Henry fell asleep last night and woke up this morning talking about snakes, snakes, SNAKES. He dragged us outside, bright + early, in pajamas, to the snake barrel. Charlie was running through the yard in his underwear, helping to fetch snake breakfast. We offered worms and slugs. The customers politely declined.
It was decided that a trip to the store was in order. Our mission: better accomodations for our new friends (with the caveat: no, we won't be bringing them in the house -- and, no, we can't keep them forever as our pets). Henry was the brave helper, swiftly grabbing tails from the bottom of the barrel and introducing them to their new digs. Welcome to the snake hotel!
Niceties were added: stone, grass, seashell, sculpture, water feature. Would sir prefer beetle for breakfast? Millipede perhaps? Room service?
And then we learned the unfortunate fact-of-the-day. Too late, of course.
We returned from breakfast to find ... only one snake. I even pulled that seashell out of there and gave it a cavity search -- I was so sure that there was no possible escape route. But, alas. Lesson learned. Garter snakes can flatten their bodies and slither through impossibly tiny spaces. Namely, the vertical rectangular opening in the corner of the lid (above).
We hung around and witnessed snake no. 2 attempt a copycat escape. He chickened out and recoiled after manuevering about half his length through the slit ... but Henry eventually chose to release him in hopes that "he would lead us to the other snakes."
Where did he lead us? Right to the foundation of our house where he promptly disappeared into a crack in the ground. Which definitely, most certainly, absolutely does NOT lead into our basement. Right? Right?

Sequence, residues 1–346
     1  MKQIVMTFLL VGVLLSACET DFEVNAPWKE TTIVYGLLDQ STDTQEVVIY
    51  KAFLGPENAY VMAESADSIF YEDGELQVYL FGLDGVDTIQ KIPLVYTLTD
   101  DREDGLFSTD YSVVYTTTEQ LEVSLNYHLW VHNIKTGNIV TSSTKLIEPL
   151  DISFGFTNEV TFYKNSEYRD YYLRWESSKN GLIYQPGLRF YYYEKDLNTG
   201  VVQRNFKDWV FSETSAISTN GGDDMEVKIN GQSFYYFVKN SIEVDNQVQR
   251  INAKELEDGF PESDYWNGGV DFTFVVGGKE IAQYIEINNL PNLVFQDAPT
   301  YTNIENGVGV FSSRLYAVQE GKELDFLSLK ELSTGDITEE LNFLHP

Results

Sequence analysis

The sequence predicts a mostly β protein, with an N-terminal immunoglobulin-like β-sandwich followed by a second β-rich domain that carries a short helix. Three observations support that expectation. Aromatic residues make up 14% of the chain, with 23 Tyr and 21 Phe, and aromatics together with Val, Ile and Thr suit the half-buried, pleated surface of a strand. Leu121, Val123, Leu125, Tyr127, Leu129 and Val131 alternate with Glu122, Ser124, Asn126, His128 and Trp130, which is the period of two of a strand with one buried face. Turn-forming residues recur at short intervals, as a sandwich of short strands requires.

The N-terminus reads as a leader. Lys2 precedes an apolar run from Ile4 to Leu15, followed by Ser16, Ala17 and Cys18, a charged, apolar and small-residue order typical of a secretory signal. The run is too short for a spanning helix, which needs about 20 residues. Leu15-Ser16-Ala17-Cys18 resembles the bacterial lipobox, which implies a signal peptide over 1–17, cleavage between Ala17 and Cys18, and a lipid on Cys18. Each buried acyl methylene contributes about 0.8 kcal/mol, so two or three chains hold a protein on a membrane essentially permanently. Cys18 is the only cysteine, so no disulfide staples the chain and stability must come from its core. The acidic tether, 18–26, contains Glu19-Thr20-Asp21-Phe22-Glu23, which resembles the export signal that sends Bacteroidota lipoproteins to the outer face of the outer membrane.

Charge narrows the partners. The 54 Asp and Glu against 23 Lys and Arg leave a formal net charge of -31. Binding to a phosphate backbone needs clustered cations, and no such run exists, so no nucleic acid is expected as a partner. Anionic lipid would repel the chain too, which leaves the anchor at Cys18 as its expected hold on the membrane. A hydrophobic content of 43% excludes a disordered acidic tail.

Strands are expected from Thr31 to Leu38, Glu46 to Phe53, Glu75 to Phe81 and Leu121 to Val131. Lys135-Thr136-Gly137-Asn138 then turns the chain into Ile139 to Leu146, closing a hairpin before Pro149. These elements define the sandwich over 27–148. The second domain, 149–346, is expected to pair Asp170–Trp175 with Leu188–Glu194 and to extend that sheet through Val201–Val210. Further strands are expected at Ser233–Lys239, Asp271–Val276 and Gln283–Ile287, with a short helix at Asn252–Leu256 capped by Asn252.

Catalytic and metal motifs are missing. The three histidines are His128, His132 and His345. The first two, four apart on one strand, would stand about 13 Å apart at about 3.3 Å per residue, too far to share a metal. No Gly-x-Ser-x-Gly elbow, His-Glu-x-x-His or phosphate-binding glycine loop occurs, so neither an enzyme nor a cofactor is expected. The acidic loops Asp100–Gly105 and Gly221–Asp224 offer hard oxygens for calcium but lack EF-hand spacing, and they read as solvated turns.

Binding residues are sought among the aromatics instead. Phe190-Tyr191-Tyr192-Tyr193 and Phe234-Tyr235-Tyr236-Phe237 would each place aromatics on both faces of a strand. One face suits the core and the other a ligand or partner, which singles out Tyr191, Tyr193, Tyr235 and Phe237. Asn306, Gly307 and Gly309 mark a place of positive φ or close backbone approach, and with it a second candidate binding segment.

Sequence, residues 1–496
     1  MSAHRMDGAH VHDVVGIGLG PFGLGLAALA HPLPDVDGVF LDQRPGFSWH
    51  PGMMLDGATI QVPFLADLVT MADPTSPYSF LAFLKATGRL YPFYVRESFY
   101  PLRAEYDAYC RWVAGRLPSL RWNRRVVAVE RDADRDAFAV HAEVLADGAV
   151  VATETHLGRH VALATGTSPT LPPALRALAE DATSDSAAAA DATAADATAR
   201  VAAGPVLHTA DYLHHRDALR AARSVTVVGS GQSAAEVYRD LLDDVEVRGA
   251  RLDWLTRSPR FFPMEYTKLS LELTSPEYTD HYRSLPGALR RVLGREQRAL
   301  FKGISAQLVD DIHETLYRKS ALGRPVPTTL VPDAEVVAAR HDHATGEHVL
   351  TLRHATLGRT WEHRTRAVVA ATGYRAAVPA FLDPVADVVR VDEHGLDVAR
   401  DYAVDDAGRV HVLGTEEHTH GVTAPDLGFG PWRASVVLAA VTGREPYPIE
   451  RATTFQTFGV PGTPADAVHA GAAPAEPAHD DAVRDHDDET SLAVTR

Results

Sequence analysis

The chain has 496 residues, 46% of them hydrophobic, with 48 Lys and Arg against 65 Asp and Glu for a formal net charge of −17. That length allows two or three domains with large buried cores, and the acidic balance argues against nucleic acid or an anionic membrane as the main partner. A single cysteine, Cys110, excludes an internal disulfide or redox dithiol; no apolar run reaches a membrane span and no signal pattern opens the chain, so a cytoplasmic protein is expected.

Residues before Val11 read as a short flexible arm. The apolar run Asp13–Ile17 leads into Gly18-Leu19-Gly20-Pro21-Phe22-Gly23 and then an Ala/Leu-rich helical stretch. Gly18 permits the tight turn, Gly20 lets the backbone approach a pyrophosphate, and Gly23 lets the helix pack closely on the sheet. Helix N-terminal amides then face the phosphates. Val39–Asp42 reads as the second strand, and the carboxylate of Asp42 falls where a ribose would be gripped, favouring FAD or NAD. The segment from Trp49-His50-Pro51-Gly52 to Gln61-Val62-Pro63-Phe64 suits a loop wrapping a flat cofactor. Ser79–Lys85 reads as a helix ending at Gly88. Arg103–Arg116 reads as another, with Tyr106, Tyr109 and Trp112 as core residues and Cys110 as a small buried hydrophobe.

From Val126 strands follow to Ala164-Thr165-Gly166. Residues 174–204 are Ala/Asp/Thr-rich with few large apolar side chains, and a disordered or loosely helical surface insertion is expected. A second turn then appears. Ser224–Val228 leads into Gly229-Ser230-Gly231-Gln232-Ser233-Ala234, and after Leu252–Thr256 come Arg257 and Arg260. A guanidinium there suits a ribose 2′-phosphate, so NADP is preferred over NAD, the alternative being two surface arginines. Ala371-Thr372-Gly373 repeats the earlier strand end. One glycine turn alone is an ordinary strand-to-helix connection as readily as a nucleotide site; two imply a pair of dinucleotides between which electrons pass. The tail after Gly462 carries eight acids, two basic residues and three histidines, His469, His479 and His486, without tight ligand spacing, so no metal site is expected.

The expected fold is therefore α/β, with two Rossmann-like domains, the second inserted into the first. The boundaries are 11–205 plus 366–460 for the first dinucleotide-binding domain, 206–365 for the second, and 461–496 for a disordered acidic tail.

Tonight Henry isn't the only one going to sleep thinking about snakes, snakes, SNAKES (eeeeek!).
yard wildlife: garter snakes have appeared at chez normal~ish.
definite love/hate situation. love: little boys' excitement, observation, study. hate: how many are out there?
right now: two fine specimens in a galvanized trash barrel. served dinner (centipede, spider, grub, ant, worm, mushroom) and given a dried grass bed. how many of their friends will we find tomorrow?
monday project: stick tipi in stump park.
supplies: big stump, random collected branches, twine, jumbo IKEA cable ties.
result: wild/life hideout in the making.
When: Saturday night
Where: Grandpa + Grandma's house
Who: Grandpa, Grandma, and Henry
I want to admit:
1. I'm being unreasonably intolerant of our current heat wave. The air conditioning is pumping away and I am not straying far from it. The boys and I have not been getting outside to play nearly enough -- and the lack of fresh-air-therapy shows. There were times in my life that I desperately wanted to move south -- to Florida or Texas or a tropical island. Now I'm pretty sure it was a good thing that it never panned out.
Henry has been pretty complain-y about the heat this year and (prior to this week) I had been trying hard to curb it by giving him plenty of opportunities to figure out that he actually will not melt. I hope that I'm not now adding (as they say) fuel to the fire. Because, really, I think this weather is only suitable for being wet (see below).
2. We haven't made it to the pool yet this summer. I am struggling with this. I don't feel like I can safely -- nor sanely -- manage both of my wild children there without Eric's help. This is huge bummer on so many levels. I know so many parents do just fine with larger flocks of kids (and I marvel at them and scratch my head and think "If only ..."). But the difficult truth is that we have "issues." Listening issues. Impulse-control issues. And some run-of-the-mill toddler issues. I think we could have some fun family evenings at the pool if the kids weren't so sleep-deprived and exhausted by the time Eric gets home from work. Hrmph.